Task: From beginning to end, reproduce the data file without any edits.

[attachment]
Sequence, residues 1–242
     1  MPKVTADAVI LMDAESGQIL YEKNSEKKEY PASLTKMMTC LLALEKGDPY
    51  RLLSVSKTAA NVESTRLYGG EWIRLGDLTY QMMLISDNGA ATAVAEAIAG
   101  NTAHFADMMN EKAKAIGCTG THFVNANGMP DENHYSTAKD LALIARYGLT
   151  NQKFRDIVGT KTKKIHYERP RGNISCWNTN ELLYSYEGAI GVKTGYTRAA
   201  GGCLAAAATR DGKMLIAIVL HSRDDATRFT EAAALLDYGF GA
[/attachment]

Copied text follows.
Sequence, residues 1–242
     1  MPKVTADAVI LMDAESGQIL YEKNSEKKEY PASLTKMMTC LLALEKGDPY
    51  RLLSVSKTAA NVESTRLYGG EWIRLGDLTY QMMLISDNGA ATAVAEAIAG
   101  NTAHFADMMN EKAKAIGCTG THFVNANGMP DENHYSTAKD LALIARYGLT
   151  NQKFRDIVGT KTKKIHYERP RGNISCWNTN ELLYSYEGAI GVKTGYTRAA
   201  GGCLAAAATR DGKMLIAIVL HSRDDATRFT EAAALLDYGF GA